English is the common language of the United States of America, but its inhabitants most emphatically do not identify themselves as English. By the Roman period Celtica had come to be synonymous with Gaul. Some British tribes might have been reasonably happy to be identified as Gauls - those most recently arrived from Gaul. They were happy enough to be labelled Belgae. As for those who were viewed as indigenous at the time of the Roman conquest - they would probably have thought the Romans mad to call them Celts i.e. Gauls, though Caesar thought them similar to Gauls, "who call themselves Celts in their own language". They were the British - the painted people - or the Brigantes or the Parisi or whatever. There is no point in people all over Western Europe  having the  same name for themselves.





Tacitus also mentions the similarity of the Britons to the Gauls!
Tacitus on the Origin and Character of the Britons

Forming a general judgment, however, it is credible that the Gauls seized the neighbouring island. One sees here their sacred rites and their religious beliefs; even the speech does not differ much; there is the same boldness in seeking dangers, and the same shrinking from meeting them when they are present. The Britons show more savageness, as those not yet civilized by a long-continued peace. We have been given to understand that the Gauls, too, were formerly conspicuous for their fighting; sluggishness, however, entered with ease, and bravery was lost together with liberty. The same thing has happened to those of the Britons who were formerly conquered, while the rest remain as the Gauls were.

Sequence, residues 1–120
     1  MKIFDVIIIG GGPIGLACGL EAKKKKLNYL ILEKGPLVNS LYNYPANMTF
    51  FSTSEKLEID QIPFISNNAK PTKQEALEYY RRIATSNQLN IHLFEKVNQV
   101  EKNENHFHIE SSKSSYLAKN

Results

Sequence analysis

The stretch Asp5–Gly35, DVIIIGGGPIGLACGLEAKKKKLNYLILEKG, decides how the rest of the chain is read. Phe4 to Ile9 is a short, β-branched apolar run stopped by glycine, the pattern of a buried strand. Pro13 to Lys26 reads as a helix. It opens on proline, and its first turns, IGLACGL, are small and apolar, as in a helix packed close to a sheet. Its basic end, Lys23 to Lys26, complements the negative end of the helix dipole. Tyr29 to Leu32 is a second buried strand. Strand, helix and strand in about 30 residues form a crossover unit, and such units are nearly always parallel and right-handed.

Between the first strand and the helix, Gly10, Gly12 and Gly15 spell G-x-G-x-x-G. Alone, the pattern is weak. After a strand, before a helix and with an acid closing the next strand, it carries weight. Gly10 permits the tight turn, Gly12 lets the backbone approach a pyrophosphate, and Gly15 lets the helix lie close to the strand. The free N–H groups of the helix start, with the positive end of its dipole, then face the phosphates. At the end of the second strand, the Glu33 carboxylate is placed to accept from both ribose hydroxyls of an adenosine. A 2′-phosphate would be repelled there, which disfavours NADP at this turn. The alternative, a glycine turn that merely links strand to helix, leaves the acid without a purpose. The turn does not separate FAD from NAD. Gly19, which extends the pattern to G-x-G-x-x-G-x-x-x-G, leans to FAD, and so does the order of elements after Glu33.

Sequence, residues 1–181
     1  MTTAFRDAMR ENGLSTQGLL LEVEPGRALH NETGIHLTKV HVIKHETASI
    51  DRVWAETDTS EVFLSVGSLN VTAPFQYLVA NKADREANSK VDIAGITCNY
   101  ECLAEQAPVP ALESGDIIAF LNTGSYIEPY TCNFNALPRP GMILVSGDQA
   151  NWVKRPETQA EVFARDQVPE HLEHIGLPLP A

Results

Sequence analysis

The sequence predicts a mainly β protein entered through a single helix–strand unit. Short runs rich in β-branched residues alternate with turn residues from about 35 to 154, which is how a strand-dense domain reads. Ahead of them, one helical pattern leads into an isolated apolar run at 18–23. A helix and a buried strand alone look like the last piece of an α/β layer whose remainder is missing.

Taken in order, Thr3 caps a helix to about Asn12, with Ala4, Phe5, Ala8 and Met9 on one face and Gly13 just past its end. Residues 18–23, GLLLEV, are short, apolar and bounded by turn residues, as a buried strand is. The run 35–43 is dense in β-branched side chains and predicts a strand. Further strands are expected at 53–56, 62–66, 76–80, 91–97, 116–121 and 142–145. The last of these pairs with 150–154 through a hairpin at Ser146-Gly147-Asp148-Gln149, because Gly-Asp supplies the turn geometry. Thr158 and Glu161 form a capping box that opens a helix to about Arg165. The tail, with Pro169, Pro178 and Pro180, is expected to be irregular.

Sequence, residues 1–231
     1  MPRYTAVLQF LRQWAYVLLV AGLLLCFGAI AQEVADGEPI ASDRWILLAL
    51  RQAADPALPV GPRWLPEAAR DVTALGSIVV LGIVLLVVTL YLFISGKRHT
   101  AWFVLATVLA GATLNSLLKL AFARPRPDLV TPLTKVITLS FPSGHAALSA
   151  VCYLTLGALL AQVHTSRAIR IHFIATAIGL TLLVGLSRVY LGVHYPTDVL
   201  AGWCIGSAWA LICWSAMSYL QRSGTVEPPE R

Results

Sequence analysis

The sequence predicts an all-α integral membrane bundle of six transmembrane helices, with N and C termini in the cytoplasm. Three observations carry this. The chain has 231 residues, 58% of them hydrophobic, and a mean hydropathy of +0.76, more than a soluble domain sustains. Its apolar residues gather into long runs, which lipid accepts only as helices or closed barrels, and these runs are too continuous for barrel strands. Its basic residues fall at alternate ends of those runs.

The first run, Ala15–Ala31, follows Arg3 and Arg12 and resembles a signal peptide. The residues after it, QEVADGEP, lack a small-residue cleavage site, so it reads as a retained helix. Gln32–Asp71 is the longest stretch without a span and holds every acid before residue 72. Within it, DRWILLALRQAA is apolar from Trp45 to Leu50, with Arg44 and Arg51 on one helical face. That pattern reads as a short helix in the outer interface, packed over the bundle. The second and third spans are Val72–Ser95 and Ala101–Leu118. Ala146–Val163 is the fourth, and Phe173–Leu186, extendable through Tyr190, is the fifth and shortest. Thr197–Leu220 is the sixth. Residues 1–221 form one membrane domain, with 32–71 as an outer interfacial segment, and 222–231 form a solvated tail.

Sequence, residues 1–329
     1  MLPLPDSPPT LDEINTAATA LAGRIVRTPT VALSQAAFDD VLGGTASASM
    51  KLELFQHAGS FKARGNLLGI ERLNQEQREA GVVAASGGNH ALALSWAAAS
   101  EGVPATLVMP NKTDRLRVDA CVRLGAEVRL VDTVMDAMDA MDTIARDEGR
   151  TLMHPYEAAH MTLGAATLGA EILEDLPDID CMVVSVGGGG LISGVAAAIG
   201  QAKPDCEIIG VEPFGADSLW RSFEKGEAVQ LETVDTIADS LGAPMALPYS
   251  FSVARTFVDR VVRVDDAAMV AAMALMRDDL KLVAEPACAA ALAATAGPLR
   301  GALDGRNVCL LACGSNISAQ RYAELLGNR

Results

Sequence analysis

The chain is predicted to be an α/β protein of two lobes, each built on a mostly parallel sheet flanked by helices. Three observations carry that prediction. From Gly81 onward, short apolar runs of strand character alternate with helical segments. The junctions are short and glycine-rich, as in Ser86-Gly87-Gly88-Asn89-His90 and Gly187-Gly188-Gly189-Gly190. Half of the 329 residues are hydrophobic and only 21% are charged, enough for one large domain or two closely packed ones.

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authun
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« Reply #35 on: April 23, 2012, 04:33:22 PM »

Tacitus also mentions the similarity of the Britons to the Gauls!
Tacitus on the Origin and Character of the Britons

Yes,  don't think anyone here disputes that celtic languages were spoken in Britain at the time of Tacitus. Before that Caesar writes in Gallic Wars about what is both known and unknown about Britain and about the cooperation between the two. He is a primary source for our knowledge of druids, something which appears to be peculiar to Britain and Gaul. At least, I am not aware of druids existing in other celtic speaking areas.
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alan trowel hands.
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« Reply #36 on: April 23, 2012, 06:24:16 PM »